Blockchain takes back seat in drive to digitize Asian trade finance


Paul Golden
Published on:

Singapore-based trade finance portal CamelOne has put blockchain on the backburner to get to market more quickly.


CamelOne is a multi-bank portal designed to support trade finance applications from companies for all participating banks.

But unlike other trade finance platforms such as and Komgo, CamelOne is not built on blockchain – perhaps surprising, given Euromoney reported earlier this year that more than 30 groups of banks and other financial institutions are working on systems for incorporating distributed ledger technology into trade finance.

John Khaw, project director at vCargo Cloud, the company that developed the technology behind the portal, explains that concern over connectivity between the nine participating banks – ANZ, BNP Paribas, DBS Bank, HSBC, ICBC, MUFG Bank, OCBC, Standard Chartered Bank and UOB – was behind the decision to proceed without distributed ledger technology.

“We still believe there is value to be unlocked by adopting blockchain,” he says. “We are currently working with some strategic partners on trade-related projects that are using blockchain technology and we will consider integrating blockchain into future versions of the portal.”

However, Khaw says that although there are solutions that facilitate interconnectivity across different platforms, these solutions are still relatively new and that when working in conjunction with so many partner banks, reliable interconnectivity is crucial.

“Banks endorse and work on different blockchain platforms,” he adds. “Therefore, we decided to launch our portal before working on integration with any blockchain platform. As the portal sits on the NTP it already provides the level of authentication and verification that we need.”

John Khaw, vCargo Cloud

Asian trade finance

CamelOne allows business users on Singapore’s Networked Trade Platform (NTP) to apply for up to twelve different trade finance products via standardized forms in a secure format and receive real-time status updates on their applications.

The portal is just one of a number of digital trade finance initiatives at various stages of development across Asia. Last month, the Joint Standing Committee of Commerce, Industry and Banking in Thailand confirmed that it had completed a trial of blockchain technology on its National Digital Trade Platform project. In the longer term it hopes to connect its platform to the NTP and other similar projects across the region.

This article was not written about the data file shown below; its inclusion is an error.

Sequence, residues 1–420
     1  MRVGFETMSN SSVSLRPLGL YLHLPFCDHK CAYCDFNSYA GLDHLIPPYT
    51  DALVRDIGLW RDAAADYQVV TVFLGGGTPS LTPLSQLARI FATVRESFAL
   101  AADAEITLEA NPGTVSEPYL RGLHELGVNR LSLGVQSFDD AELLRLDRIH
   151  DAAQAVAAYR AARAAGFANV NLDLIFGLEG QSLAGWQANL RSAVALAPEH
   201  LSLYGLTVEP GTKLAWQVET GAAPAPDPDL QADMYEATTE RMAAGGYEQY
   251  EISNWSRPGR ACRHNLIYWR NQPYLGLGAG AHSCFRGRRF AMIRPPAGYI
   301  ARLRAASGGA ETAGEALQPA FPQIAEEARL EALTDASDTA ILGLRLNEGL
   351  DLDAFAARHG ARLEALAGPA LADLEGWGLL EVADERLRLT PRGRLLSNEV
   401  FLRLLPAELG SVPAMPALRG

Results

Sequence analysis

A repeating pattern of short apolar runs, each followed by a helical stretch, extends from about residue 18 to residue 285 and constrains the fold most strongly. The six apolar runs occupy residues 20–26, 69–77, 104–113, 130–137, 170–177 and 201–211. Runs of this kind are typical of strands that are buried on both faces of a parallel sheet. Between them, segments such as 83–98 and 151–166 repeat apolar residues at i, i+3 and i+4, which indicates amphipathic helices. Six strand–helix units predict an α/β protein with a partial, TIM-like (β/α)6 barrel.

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Sofia Hammoucha, BNP Paribas 

The NTP is also collaborating with MUFG Bank and NTT Data Corporation on a proof-of-concept prototype using blockchain technology to connect the Singapore trade platform with a similar platform NTT is developing for Japan.

In the meantime, the Monetary Authority of Singapore and the Hong Kong Monetary Authority continue to work on the Global Trade Connectivity Network – a cross-border open trade finance network based on distributed ledger technology – to digitize trade and trade finance between the two cities.

The NTP, which was launched in September 2018 to connect trading companies across Singapore to domestic and overseas counterparties digitally, also has a document repository that allows documents to be transferred between parties securely.

Khaw acknowledges that development costs would have been higher if the portal had been built on blockchain but says the user experience was a more important consideration.

“If blockchain offered an undeniable advantage for our solution we would have had no hesitation in implementing it, as we have done with the electronic certificate of origin solution that we have developed in collaboration with the Singapore International Chamber of Commerce,” he adds.

Sizeable target market

CamelOne has a sizeable target market. According to data from Singapore’s Department of Statistics, the country’s total trade volume was worth more than S$89 billion in October, of which approximately 40% is facilitated by trade finance banks.

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Sriram Muthukrishnan, DBS

Benefits to users include the re-use of data through document exchange on the NTP and the ability to submit trade finance applications to multiple banks at the same time via a single user interface. A duplicate invoice check feature is designed to prevent double-issuing of invoices.

The advantages for banks include access to more information to better understand the underlying trade application, automation of compliance screening and reduced reliance on customers providing physical documents as transaction evidence, says Khaw. “They can also have greater confidence in the authenticity of documents provided by customers,” he adds.

Sofia Hammoucha, head of transaction banking southeast Asia at BNP Paribas, says the portal complements the bank’s existing trade finance offerings. “CamelOne is intended to be the centre of the trade ecosystem and therefore relevant to all players in the trade business, irrespective of size or role in the ecosystem,” she says.

According to DBS Bank’s head of trade product management, Sriram Muthukrishnan, access to the NTP means small and medium-sized enterprises will be able to tap into services such as cloud-based enterprise resource planning which are usually affordable only for businesses of much greater scale.